The Weekly Newspaper serving the citizens of Morenci, Mich., Fayette, Ohio, and surrounding areas.

  • Front.cheers
    MACEE BEERS joins other Fayette Elementary School students for the annual Mini-Cheer performance during the half-time break at the basketball game.
  • Family.3.wide
    CHILDREN at Stair District Library’s Family Story Time toss scarves into the air during an activity. The evening program provided a mix of stories, songs, dancing, crafts and snacks Monday evening. The program is offered at 5:30 p.m. every Monday for five more weeks. The program is designed for three to five year olds and their family.
  • Front.newpaper.2
    THE INTERVIEW—Evelyn Joughin (right) records the interaction with an iPad while Jack Varga, next to her, asks questions of Morenci Elementary School principal Gail Frey. Morenci senior Sam Cool (standing) listens. Cool serves as the editor for the newspaper written by members of Mrs. Barrett’s second grade class.
  • Front.code.2
    WRITING CODE—Brock Christle (left), a Morenci fifth grade student, takes a look at the progress being made by fourth grader Anthony Lewis. Libby Rorick, a sixth grade student, is next in a line of girls trying out the coding tutorials. This year marked Morenci’s second year of participation in the Hour of Code project.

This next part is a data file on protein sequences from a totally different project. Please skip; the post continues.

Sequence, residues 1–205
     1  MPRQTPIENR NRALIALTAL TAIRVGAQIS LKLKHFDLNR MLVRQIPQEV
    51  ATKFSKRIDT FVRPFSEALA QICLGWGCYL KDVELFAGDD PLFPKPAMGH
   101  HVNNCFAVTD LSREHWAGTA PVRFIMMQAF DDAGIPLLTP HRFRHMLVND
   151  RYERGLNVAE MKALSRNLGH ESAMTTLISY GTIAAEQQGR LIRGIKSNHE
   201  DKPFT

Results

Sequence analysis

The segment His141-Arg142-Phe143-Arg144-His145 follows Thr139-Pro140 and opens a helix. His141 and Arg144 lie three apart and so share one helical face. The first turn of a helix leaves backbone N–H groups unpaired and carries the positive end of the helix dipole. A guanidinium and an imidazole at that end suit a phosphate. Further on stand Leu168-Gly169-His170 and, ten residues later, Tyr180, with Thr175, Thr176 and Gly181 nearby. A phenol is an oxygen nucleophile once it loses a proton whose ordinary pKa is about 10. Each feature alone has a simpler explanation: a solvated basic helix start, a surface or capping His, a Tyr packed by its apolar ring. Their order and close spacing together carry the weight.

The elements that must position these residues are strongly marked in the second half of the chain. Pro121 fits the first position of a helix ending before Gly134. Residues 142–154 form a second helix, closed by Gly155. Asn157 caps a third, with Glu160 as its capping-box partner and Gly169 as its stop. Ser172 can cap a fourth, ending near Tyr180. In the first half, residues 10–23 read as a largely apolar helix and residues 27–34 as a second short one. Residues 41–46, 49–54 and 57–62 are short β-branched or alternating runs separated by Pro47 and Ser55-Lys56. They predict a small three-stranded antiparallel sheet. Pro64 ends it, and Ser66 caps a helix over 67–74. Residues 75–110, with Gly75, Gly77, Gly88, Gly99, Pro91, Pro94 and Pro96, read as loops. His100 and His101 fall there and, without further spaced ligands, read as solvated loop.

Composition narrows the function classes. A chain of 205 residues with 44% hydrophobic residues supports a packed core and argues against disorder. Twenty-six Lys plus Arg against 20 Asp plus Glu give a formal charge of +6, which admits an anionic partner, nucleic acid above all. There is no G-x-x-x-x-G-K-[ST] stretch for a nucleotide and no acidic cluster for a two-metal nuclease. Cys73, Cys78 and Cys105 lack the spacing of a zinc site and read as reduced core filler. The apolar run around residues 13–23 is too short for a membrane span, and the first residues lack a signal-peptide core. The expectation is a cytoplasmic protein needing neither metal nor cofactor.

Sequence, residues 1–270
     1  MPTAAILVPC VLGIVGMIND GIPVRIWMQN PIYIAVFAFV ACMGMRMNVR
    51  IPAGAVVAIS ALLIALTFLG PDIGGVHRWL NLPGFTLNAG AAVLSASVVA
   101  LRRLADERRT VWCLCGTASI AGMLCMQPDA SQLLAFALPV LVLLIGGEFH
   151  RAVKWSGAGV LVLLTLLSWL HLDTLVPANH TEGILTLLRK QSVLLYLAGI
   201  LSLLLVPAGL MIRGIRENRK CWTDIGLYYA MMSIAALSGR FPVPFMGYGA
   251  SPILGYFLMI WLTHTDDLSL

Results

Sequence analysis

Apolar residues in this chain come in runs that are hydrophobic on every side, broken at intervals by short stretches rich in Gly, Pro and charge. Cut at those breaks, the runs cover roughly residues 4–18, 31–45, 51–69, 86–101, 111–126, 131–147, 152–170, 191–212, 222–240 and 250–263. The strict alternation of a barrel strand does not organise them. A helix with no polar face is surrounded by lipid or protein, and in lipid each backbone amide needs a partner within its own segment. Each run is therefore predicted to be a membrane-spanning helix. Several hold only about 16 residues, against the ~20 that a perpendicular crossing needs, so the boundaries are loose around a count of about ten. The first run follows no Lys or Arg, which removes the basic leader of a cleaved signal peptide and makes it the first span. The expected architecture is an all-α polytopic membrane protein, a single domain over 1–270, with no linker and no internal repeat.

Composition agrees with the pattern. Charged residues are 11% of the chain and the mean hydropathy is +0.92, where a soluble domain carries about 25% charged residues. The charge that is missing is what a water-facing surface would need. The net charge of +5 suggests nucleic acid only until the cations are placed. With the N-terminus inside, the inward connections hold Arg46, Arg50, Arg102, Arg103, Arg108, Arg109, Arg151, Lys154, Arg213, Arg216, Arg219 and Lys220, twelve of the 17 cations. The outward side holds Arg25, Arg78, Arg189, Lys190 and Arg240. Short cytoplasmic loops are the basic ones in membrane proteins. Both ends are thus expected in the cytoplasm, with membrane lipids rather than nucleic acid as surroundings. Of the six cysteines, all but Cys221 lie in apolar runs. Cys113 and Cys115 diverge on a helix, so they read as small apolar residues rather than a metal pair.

• Front.gym.new
    REMIE RYAN (left) tries to dodge the foam wand held by Hayden Bays during physical education class at Morenci Elementary School. In the background, Lauryn Dominique and Brooklyn Williams stay clear of the tag. Second grade students were working on cardiovascular health on the first day back from vacation. For the record, Safety Tag is a very difficult sport to photograph.
  • Front.lift
    MORENCI student Dalton McCowan puts everything into a dead lift attempt Saturday morning during the Wyseguy Push/Pull event. Lifters helped raise more than $1,600 for the family of the late Devin Wyse, a former Morenci power-lifter who graduated last year. Commemorative T-shirts are still available by contacting teacher Dan Hoffman.
  • Front.library.books
    MACK DICKSON takes a book off the “blind date” cart at the Fayette library. Patrons can choose a book without knowing what’s inside other than a general category. The books are among those designated for removal so patrons can consider them gifts. In Morenci, new books and staff favorites were chosen from the stacks and must be returned. Patrons get a piece of chocolate, too, to take on their date, but no clue about their “date.” One reader said she really enjoyed her book for a few pages, but then lost interest—so typical for a blind date.

2008.06.11 Hot times in old Abu Dhabi

Written by David Green.

By COLLEEN LEDDY

Abu Dhabi.

Abu who?

That’s what we said when Ben called several months ago to say the landscape architecture firm he works for in Miami was offered a long-term contract to do business in Abu Dhabi.

Unlike Ben, who has eagerly traveled to four other continents besides the one he was born on, world geography has never been my strong suit. I had to consult Google Maps to find out that Abu Dhabi is part of the United Arab Emirates which is situated between Saudi Arabia and Oman. It’s located in that lovely hot zone, across the Persian Gulf from Iraq and Iran, about an hour southwest of Dubai.

What did we think about him going to live there for long stretches of time during the five to 10 years his firm would be involved in projects?